Each group was divided into three groups:

  Group 1 received locally collected, unpasteurized, unfiltered honey;

  Group 2 received nationally collected, pasteurized, filtered honey (this is what you buy off the grocery store and has had all of its pollen removed); and,

  Group 3 received a corn syrup placebo (believe it or not, restaurants like KFC don’t even serve real honey – they serve this junk – and it tastes surprisingly similar to honey).

Each test subject was instructed to take one tablespoonful of honey or placebo per day, not knowing which one they received.

The conclusion of the test subjects was that nobody saw any reduction in their  allergy symptoms after months of participating in the study.


Helsinki University Central Hospital and South Karelia Allergy and Environment Institute Study of Honey Benefits

In 2011, a joint study was published by researchers from South Karelia Allergy and Environment Institute in Lappeenranta, and the Department of Allergy from Helsinki University Central Hospital in Helsinki, Finland. These researchers set out to determine if eating local honey for allergies worked.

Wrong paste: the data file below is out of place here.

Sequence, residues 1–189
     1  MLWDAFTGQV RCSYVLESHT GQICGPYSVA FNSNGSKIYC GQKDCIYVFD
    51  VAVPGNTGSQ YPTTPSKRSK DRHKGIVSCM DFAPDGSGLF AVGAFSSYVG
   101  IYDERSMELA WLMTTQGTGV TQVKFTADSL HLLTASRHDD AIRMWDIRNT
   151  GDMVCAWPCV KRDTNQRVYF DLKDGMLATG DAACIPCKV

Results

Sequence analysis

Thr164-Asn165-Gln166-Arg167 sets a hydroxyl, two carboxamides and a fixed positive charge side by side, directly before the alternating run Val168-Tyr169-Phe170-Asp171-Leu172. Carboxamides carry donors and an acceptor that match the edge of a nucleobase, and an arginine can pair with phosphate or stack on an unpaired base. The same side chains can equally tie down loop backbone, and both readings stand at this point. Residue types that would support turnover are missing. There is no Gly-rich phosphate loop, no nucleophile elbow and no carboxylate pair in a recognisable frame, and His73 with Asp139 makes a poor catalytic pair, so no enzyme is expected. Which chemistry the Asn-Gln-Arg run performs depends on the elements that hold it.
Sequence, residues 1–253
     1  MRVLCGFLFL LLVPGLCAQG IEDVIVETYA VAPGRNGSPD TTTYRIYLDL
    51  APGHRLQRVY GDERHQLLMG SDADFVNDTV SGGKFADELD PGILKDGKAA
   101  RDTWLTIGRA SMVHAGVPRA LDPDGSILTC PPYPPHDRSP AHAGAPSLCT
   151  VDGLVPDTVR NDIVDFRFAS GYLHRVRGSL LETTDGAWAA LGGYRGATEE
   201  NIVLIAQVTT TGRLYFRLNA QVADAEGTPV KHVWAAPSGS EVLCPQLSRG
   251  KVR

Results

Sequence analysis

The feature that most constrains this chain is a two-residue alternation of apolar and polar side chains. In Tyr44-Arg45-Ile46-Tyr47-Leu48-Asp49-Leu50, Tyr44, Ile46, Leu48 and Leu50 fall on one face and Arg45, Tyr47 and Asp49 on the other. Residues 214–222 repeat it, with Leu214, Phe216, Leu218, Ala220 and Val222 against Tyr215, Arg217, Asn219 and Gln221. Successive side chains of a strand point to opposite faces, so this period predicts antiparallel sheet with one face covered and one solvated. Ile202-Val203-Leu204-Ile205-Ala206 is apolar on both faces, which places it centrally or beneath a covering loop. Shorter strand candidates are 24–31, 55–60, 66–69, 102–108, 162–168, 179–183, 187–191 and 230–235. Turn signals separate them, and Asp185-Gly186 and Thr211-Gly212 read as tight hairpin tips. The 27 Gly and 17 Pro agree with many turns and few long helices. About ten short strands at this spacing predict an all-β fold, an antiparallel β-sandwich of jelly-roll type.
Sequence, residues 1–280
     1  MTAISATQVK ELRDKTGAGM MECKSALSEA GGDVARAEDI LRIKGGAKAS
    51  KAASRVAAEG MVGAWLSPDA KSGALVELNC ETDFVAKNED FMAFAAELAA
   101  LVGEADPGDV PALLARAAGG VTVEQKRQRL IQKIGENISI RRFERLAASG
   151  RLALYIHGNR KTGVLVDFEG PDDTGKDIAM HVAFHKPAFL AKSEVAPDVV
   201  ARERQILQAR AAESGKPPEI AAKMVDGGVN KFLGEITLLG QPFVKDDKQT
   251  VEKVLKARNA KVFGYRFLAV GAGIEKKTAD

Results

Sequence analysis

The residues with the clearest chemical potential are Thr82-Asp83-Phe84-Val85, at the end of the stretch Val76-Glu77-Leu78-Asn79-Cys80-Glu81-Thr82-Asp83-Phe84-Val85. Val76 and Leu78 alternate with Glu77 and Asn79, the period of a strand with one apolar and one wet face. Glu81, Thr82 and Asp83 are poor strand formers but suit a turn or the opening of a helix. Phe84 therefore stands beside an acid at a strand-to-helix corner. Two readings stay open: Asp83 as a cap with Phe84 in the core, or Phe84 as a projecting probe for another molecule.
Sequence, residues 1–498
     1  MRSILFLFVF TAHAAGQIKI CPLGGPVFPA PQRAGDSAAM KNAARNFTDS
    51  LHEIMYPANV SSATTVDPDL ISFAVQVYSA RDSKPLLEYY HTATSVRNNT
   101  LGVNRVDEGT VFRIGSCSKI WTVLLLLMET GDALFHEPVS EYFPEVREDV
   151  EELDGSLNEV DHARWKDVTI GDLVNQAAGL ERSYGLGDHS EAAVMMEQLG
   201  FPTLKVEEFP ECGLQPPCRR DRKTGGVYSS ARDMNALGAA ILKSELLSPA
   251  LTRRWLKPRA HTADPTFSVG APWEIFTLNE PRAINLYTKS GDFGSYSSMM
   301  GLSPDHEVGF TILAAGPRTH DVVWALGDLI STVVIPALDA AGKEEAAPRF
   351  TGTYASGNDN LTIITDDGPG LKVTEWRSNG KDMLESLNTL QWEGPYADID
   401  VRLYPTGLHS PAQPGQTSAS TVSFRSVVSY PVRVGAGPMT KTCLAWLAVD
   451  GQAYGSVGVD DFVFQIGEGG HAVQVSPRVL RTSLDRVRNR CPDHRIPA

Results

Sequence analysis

birch-treeThis study was very small and only studied 44 patients with birch pollen allergies. However, the results were much different than the earlier study at the University of Connecticut.

Instead of focusing on patients in the middle of allergy season trying to combat their allergy symptoms, this study was conducted pre-allergy season to see if honey could be used as a preventative if eaten regularly from November to March prior to the birch pollen season.

These 44 patients ate either birch pollen honey or regular honey daily from November to March, with 17 of these patients receiving a placebo and taking their usual allergy medicine.

The conclusion of this study was that when birch pollen season commenced, compared to the control group, patients taking the birch pollen honey had the following results:

  60% fewer allergy symptoms;

  Twice as many days without symptoms;

  70% fewer days with severe allergy symptoms; and

  50% decrease in the need for antihistamines.

Researchers concluded that the patients who had eaten birch pollen honey prior to the birch pollen allergy season commencing had significantly better control of their symptoms that patients who had been given a placebo and only taken their traditional allergy medicine. Patients who had eaten regular honey had marginally better control of their allergies than those who had only taken their regular allergy medicine.


Honey for Hay Fever

In 1990, a report was published called, “Honey and Hay Fever: A Report on the Treatment of Hay Fever with Honey” about a very small clinical trial that involved only 21 patients suffering from hay fever.